412 F2d 707 Payne v. Ss Tropic Breeze

412 F.2d 707

Richard A. PAYNE et al., Plaintiffs, Appellees,
SS TROPIC BREEZE, her engines, boilers, furniture, apparel, appliances, appurtenances, equipment, etc., Defendant, and
Tropical Commerce Corp., Intervenor, Appellant.

No. 7065.

United States Court of Appeals First Circuit.

May 28, 1969.

David I. Gilchrist, New York City, with whom Eli Ellis, New York City, was on brief, for appellant.

Anthony N. Zock, New York City, with whom Richard C. Lewis and Street & Greenfield, Miami, Fla., were on brief, for National Western Life Ins. Co., appellee.

Before ALDRICH, Chief Judge, McENTEE and COFFIN, Circuit Judges.

ALDRICH, Chief Judge.


Tropical Commerce Corporation, in February 1966, entered into a time charter agreement with Southern Seas Shipping Corporation, owner of the Vessel SS Tropic Breeze. Provision was made for installation by Tropical of cement loading, bagging and discharging equipment, reserving title thereto but with the obligation to remove at the termination of the charter and "make the necessary restorations." By the charter's terms, Tropical was required to provide the fuel, but the owner was to pay for fuel remaining at termination. Thereafter, with full knowledge of the charter provisions, National Western Life Ins. Co. (hereafter the mortgagee) made a loan to the vessel owners, taking a ship's mortgage. Tropical then received the vessel and installed the equipment, much of which was required to be attached in the nature of a fixture.


The vessel was apparently operated unsuccessfully, and in July 1967 she was libelled in the district court for the District of Puerto Rico for seamen's wages, which, under the charter, the shipowner had contracted to pay. Subsequently Tropical, the mortgagee, and others who had dealt with the ship, intervened with claims. No representative of the shipowner appeared, and all other parties eventually agreed that the vessel and its equipment should be sold in order to terminate heavy custodia legis expenses. The only dispute with regard to this was Tropical's insistence that if the vessel were sold with its equipment, cargo, and remaining fuel, either its title in such property be reserved or the amount of the sale proceeds attributable to such be held free of liens and paid over to it.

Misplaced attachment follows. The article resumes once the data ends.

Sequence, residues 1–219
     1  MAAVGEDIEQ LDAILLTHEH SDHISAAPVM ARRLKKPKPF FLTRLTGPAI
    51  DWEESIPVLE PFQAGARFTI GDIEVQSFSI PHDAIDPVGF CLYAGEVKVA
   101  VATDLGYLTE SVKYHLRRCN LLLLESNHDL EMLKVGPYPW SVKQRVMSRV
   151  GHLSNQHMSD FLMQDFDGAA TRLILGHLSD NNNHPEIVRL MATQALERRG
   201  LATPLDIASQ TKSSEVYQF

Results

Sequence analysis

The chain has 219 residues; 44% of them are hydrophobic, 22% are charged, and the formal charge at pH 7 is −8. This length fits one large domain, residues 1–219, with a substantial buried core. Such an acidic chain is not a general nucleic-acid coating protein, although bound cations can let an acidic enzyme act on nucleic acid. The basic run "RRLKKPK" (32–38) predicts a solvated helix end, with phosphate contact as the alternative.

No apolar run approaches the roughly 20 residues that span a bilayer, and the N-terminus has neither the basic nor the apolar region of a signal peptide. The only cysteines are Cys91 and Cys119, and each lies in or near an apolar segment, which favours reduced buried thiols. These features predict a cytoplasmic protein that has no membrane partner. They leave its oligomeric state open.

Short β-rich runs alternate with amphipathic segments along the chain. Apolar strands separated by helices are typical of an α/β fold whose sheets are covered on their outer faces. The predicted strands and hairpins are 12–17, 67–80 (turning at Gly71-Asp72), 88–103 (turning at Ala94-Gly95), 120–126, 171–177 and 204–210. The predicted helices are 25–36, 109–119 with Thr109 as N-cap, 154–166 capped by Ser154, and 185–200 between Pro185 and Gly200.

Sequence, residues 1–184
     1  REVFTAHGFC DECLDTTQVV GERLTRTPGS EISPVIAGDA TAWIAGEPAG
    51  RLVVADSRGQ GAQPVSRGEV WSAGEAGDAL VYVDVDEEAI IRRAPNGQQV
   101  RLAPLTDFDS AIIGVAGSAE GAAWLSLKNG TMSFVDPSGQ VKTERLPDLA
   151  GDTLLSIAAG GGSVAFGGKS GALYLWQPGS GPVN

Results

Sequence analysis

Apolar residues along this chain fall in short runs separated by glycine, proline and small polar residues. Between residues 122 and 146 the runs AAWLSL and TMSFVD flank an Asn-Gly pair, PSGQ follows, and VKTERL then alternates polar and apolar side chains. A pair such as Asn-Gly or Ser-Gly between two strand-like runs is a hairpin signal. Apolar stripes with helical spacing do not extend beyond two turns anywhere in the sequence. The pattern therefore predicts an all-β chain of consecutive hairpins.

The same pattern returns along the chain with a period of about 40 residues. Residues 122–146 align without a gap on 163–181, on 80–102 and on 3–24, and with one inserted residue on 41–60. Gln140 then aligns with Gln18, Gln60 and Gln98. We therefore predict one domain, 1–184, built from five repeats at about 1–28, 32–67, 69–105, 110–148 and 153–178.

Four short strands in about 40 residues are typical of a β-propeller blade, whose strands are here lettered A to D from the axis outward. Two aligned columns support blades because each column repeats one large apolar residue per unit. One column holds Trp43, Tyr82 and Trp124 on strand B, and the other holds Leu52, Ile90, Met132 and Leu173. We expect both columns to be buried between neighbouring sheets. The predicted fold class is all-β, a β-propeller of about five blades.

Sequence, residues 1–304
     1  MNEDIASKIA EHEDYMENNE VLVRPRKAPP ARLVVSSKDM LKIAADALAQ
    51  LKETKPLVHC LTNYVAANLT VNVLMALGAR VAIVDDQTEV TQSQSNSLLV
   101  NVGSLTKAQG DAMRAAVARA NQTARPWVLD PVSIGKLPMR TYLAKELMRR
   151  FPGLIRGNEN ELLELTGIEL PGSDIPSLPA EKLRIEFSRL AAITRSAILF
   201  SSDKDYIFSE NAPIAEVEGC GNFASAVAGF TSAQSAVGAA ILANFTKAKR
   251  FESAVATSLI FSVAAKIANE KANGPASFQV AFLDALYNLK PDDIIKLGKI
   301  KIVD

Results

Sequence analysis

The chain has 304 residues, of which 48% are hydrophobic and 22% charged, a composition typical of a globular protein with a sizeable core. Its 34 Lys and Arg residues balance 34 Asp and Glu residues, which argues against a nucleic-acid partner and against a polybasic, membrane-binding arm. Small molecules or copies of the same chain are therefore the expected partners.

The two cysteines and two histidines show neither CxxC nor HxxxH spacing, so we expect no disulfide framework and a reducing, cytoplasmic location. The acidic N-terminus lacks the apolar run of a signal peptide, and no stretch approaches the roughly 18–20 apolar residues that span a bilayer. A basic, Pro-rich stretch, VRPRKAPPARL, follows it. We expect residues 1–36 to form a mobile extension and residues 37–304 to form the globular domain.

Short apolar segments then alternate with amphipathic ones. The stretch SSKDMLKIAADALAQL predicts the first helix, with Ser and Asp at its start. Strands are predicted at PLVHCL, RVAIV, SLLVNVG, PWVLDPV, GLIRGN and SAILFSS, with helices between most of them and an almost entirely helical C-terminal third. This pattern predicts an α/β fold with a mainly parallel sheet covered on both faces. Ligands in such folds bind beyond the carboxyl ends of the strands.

The vessel was sold, but the court, for reasons given in a considered opinion, 274 F.Supp. 324, ruled in its order of sale against Tropical's claim, except for allowing removal of the cargo. The court held that the equipment and fuel were appurtenant to the ship and thus subject to maritime liens thereon. Tropical appeals, the net proceeds of the sale being presently retained in the court's custody.


While the appeal is properly before us, 28 U.S.C. § 1292(3), all of the possibly interested parties are not, and some questions even as between Tropical and the mortgagee are not yet argued or presented. Accordingly, we decide only one issue, whether under the mortgage the mortgagee had an interest in the equipment (that term hereinafter to include the fuel oil) superior to (and hence in this case, to the exclusion of) the interest of Tropical.1 As to this the mortgagee claims that the mortgage attached to the equipment even though, as between Tropical and the shipowner, title thereto was in Tropical.


The mortgage ran against,


"the whole of the Vessel, together with all of the * * * furniture, fittings and equipment and all other appurtenances thereto appertaining * * * whether now owned or hereafter acquired, whether on board or not, and all additions, improvements and replacements hereafter made in or to the Vessel (except leased equipment not belonging to the Shipowner)."